FOR IMMEDIATE RELEASE
Conservationist who transformed public education at the world-famous Bronx Zoo shares the wonder of wildlife in fascinating new book
Annette Libeskind Berkovits releasing ‘Confessions of an Accidental Zoo Curator’
NEW YORK – A champion and expert on conservation education, Annette Libeskind Berkovits is taking readers behind the scenes of one of America’s most renowned zoos in her new book, “Confessions of an Accidental Zoo Curator” (April 22, 2017).
Filled with fun anecdotes about a variety of animals from pumas to king cobras, “Confessions of an Accidental Zoo Curator” is the perfect book for animal lovers everywhere that have ever wondered about what goes on behind the scenes at a zoo. Berkovits pulls back the curtain on fascinating, little-known facts about the Bronx Zoo, including a secret classroom with gorillas, employees who live at the zoo, unpublicized animal escapes and controversial exhibits.
When Berkovits started working at the Bronx Zoo in New York in 1972, she trod a nearly virgin territory. Public education had not yet found its way into the zoo’s philosophy or strategies, and very few women worked in zoos. True, the Bronx Zoo was the first in the world to launch an education department, but its activities were limited to a bevy of young women clad in miniskirts who roamed the park providing tidbits of information that may have been entertaining but hardly educational. Nevertheless, Berkovits was the right woman for the job. She took the zoo’s public education initiatives to the next level not only at her zoo but nationwide and worldwide.
A pioneer for women in the field of conservation and the creator of award-winning conservation education programs recognized for excellence by the National Science Foundation, Berkovits shares a unique and insightful perspective on everything from the zoo’s inner workings to the dilemma of preserving nature for the next generation. From giraffes to supersize snakes and fugitive pigs, “Confessions of an Accidental Zoo Curator” takes readers on a fascinating journey told with the charming wit of a woman who worked her way up to serve as senior vice president at the Wildlife Conservation Society, which today conserves the world’s largest wild places in 15 priority regions, home to more than 50 percent of the world’s biodiversity.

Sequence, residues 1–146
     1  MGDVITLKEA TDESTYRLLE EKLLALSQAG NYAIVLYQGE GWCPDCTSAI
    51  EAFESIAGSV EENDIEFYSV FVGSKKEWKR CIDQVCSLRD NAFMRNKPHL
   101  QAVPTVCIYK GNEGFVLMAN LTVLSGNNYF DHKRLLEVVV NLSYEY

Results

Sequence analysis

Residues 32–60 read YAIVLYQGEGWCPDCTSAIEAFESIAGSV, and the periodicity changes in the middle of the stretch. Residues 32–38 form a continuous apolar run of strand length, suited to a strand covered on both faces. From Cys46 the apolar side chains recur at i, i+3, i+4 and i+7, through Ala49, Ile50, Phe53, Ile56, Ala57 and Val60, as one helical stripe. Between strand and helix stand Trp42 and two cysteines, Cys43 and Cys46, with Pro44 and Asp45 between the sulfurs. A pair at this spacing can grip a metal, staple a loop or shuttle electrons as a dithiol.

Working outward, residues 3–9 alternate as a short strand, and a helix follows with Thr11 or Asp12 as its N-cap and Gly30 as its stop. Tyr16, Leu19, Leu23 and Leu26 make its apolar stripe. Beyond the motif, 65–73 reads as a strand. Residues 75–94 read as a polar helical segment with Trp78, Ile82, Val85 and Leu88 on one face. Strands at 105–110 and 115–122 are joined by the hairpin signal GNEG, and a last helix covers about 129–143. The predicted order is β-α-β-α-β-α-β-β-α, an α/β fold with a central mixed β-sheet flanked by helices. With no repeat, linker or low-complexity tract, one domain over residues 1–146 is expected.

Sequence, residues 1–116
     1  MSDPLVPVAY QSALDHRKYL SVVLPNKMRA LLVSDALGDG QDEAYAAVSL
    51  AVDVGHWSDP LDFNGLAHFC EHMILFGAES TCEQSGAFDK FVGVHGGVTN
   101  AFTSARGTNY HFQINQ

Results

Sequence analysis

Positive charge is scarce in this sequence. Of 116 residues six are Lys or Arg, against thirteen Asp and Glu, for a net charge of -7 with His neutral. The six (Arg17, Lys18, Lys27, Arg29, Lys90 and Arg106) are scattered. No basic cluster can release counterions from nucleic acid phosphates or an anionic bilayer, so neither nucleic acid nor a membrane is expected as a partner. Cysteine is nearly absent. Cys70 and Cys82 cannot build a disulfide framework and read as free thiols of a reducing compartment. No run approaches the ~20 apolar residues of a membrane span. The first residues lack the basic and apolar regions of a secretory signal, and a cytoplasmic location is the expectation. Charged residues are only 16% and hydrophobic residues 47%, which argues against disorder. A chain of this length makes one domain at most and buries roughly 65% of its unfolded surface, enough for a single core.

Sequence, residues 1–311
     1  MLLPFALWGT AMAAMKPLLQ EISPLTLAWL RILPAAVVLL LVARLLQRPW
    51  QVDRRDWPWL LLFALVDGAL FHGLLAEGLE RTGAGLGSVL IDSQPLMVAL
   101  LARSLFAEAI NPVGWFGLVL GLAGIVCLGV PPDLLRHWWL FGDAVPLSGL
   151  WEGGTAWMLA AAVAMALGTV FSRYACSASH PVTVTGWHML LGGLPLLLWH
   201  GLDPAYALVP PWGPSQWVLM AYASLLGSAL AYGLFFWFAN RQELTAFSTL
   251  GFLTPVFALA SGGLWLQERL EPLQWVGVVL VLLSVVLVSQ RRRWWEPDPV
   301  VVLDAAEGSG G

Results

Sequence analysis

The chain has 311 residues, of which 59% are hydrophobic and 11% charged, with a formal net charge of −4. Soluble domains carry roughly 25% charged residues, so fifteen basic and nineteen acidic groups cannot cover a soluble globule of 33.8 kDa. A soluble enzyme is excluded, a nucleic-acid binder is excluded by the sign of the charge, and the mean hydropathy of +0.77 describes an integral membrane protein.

Annette Libeskind Berkovits was born in Kyrgyzstan and grew up in postwar Poland and the fledgling state of Israel before coming to America at age 16. In her three-decade career with the Wildlife Conservation Society in New York, she spearheaded the institution’s nationwide and worldwide science education programs. Her achievements include the first-ever agreement to bring environmental education to China’s schools. The National Science Foundation has recognized her outstanding leadership in the field. Now retired, she is pursuing her life-long love of writing. She is the author of “In the Unlikeliest of Places” and “Confessions of an Accidental Zoo Curator.”
About the Book